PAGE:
Like most of our travel posts on Live Seasoned, we like to give you a general idea for your day or adventure, but leave the details up to you. For that reason, I’ll point out a few of my favorite places to take a dip and grab a bite to eat, but otherwise, the world is your oyster. Pack your bag, slather on some sunscreen and have one of the most beautiful walks of your life. The Coastal Walk is not to be missed. I trotted along this path five days in a row never tiring of the scenery. 



Before I ventured to the coast, I was under the impression that it would take up a full day, which it certainly can, but I didn’t realize you could hop on and off the walk, take a bus to one area and then walk or uber to another, the possibilities really are endless. On my final day in Sydney I decided to walk north from Coogee to Bondi and then turn around and walk all the way back. With ample rest and refresh time throughout it was quite an easy walk and the perfect final day on the eastern coast. This walk is suitable for young and old alike, beginners and uber fit altheletes, it’s really perfect for everyone.


What to pack:

  • Sunscreen
  • Water bottle 
  • Sunglasses
  • Sneakers (it can be done in sandals)
  • Camera
  • Turkish towel or sarong




Highlights:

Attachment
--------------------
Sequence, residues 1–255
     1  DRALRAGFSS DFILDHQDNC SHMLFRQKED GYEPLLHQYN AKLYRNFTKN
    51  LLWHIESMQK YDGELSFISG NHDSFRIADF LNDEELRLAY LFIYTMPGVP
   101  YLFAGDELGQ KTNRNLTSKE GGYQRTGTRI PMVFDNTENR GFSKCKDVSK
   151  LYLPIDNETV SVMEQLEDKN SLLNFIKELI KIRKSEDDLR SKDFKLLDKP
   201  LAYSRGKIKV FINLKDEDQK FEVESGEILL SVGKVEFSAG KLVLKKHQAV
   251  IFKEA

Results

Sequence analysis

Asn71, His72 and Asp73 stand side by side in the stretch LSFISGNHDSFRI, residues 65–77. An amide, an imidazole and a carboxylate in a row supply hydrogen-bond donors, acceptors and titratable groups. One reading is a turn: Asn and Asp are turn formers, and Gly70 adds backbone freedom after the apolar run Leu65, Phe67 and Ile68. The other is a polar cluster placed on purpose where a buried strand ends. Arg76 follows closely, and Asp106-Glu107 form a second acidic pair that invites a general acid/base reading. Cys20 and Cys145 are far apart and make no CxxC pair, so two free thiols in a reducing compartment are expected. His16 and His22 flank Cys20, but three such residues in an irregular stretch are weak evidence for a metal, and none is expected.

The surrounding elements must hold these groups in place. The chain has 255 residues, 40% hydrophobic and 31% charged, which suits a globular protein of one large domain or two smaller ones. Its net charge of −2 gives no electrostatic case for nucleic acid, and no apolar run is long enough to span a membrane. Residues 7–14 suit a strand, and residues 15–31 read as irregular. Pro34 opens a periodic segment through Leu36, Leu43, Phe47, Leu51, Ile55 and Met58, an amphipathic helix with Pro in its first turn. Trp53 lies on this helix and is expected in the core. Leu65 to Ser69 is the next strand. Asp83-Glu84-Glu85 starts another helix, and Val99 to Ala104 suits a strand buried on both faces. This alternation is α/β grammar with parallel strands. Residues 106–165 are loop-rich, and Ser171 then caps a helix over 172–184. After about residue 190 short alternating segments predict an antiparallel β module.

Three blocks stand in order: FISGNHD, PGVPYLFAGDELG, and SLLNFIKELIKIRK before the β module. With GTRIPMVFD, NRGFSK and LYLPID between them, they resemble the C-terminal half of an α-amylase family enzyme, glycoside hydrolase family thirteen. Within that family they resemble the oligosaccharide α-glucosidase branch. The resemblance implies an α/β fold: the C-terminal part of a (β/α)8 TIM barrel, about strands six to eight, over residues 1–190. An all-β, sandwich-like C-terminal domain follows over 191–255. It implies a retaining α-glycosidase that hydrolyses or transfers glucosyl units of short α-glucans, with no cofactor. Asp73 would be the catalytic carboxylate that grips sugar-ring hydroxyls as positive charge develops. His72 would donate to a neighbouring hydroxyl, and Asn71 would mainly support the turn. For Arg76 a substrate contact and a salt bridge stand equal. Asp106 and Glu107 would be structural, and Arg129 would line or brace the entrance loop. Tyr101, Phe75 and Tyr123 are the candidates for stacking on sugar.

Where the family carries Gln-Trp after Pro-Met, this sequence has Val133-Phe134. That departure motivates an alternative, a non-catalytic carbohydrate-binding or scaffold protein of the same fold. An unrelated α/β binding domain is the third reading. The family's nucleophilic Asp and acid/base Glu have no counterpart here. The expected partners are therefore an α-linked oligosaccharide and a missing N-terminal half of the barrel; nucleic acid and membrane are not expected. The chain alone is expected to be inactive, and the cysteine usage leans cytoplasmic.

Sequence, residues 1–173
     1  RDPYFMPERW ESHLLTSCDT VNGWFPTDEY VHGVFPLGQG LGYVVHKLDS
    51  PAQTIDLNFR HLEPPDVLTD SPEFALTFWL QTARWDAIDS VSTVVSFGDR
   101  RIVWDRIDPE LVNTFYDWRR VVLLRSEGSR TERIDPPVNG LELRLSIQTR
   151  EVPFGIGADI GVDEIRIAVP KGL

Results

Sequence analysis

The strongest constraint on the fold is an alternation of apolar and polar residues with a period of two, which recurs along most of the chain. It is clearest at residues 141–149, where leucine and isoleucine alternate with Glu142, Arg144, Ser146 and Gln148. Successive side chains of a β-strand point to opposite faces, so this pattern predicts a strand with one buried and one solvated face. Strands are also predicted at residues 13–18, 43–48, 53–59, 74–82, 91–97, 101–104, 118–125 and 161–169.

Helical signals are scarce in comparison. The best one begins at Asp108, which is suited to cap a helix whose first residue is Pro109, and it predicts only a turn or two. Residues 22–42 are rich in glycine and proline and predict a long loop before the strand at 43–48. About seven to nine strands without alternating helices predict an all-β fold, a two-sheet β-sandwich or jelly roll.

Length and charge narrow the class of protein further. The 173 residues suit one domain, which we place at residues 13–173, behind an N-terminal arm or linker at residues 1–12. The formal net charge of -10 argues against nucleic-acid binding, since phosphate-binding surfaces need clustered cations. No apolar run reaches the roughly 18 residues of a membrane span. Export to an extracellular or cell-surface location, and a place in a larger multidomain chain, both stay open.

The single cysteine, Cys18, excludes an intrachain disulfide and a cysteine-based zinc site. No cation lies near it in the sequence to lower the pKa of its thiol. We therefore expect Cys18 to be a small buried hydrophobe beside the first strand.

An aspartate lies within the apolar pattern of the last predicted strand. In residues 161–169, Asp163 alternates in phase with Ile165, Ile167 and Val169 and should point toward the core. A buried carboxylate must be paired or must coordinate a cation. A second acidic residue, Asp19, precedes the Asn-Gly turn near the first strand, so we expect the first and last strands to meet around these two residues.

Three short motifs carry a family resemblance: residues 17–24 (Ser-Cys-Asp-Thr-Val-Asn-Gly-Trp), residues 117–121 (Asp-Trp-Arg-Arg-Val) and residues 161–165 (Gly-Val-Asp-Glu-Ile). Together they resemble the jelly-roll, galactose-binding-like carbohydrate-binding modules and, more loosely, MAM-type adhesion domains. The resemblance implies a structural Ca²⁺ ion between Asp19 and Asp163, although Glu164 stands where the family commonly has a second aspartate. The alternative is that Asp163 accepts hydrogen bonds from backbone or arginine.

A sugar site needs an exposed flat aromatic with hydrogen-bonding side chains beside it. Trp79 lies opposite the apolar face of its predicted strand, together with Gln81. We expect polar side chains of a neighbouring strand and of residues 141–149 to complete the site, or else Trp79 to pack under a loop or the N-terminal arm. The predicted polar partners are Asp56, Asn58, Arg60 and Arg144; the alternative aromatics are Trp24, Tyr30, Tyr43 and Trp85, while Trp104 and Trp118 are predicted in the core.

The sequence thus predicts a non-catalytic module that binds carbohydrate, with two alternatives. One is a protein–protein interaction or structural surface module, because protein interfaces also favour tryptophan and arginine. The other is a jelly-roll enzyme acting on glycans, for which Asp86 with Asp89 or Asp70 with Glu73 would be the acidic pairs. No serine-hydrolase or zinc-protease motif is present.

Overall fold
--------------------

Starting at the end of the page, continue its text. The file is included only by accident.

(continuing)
Take a dip in the rock enclosed tidal pool near Coogee. After you cool off, scramble over sandstone boulders, sunbathe by the sea and brave the incoming tidal waves. 

Now it’s time to begin the walk, head north to Gordan’s Bay and enjoy the pristine views. 

Take a seat in the shade at Bundock Park for a little rest while you watch the surf lap along a collection of rocks, fondly referred to at Wedding Cake Point, way out in the ocean, don’t worry, you’ll see them. 

After a little refresh, it’s time to head further north towards Clovelly Beach. If the rough Sydney surf intimidates you, the Clovelly ocean pool is the perfect solution. Swim a few laps, drip dry on the sunbathing deck and then pop into Sea Salt cafe for a little snack. 

After a nibble, prepare yourself for Shark’s Point, a massive rock cliff that is sure to take your breath away. Sit and meditate here for a moment before walking on towards Clovelly Bowling and Recreation Club where you should certainly buy a drink to enjoy in the air conditioned event ballroom that overlooks the ocean. 

Once you’ve had a proper break and you’re all cooled down, walk through Waverly Cemetery towards Nelson’s Bay and Bronte Beach. Bronte baths is another nice seaside salt pool for swimming and lounging or you can head to Bronte Road, the street behind and parallel to the beach and park, for a lunch prepared with fresh ingredients. Over the course of the week, I ate at Jenny’s & Bronte Bela and both were yummy.

The next section of the walk, between Bronte and Tamarama is absolutely gorgeous so really take your time on the cliff and cave section and do some exploring.


 Round Mackenzies Point and  enjoy the final stretch to Bondi Beach. Bondi is a surfer’s paradise and you’ll likely see hundreds in the water at any one time. After strolling past the beautifully painted cement wall that separates the grass and sand at Bondi, stop at Lush Cafe to reward yourself with a snack and libations.

You could easily end the night here by watching a movie in the park or grabbing dinner at one of the dozens of restaurants on Campbell Parade, but if you’re up for it, you could also stroll back once you’re feeling refreshed.